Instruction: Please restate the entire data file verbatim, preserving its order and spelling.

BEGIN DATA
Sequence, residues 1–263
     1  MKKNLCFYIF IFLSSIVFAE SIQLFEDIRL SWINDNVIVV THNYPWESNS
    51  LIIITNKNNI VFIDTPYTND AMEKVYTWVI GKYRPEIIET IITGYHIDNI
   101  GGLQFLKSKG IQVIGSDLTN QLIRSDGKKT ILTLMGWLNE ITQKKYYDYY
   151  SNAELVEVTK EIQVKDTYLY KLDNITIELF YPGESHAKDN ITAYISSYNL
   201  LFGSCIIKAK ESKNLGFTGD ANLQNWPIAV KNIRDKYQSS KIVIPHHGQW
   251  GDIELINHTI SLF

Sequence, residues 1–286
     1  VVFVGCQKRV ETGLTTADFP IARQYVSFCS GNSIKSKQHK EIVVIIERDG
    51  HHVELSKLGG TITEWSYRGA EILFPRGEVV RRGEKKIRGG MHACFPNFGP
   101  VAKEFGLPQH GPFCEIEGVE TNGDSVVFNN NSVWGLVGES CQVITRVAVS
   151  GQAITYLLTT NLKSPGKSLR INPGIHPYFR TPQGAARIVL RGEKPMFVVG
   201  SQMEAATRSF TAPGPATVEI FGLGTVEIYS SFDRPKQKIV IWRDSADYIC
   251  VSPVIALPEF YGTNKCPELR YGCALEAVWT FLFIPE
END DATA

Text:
Sequence, residues 1–263
     1  MKKNLCFYIF IFLSSIVFAE SIQLFEDIRL SWINDNVIVV THNYPWESNS
    51  LIIITNKNNI VFIDTPYTND AMEKVYTWVI GKYRPEIIET IITGYHIDNI
   101  GGLQFLKSKG IQVIGSDLTN QLIRSDGKKT ILTLMGWLNE ITQKKYYDYY
   151  SNAELVEVTK EIQVKDTYLY KLDNITIELF YPGESHAKDN ITAYISSYNL
   201  LFGSCIIKAK ESKNLGFTGD ANLQNWPIAV KNIRDKYQSS KIVIPHHGQW
   251  GDIELINHTI SLF

Sequence, residues 1–286
     1  VVFVGCQKRV ETGLTTADFP IARQYVSFCS GNSIKSKQHK EIVVIIERDG
    51  HHVELSKLGG TITEWSYRGA EILFPRGEVV RRGEKKIRGG MHACFPNFGP
   101  VAKEFGLPQH GPFCEIEGVE TNGDSVVFNN NSVWGLVGES CQVITRVAVS
   151  GQAITYLLTT NLKSPGKSLR INPGIHPYFR TPQGAARIVL RGEKPMFVVG
   201  SQMEAATRSF TAPGPATVEI FGLGTVEIYS SFDRPKQKIV IWRDSADYIC
   251  VSPVIALPEF YGTNKCPELR YGCALEAVWT FLFIPE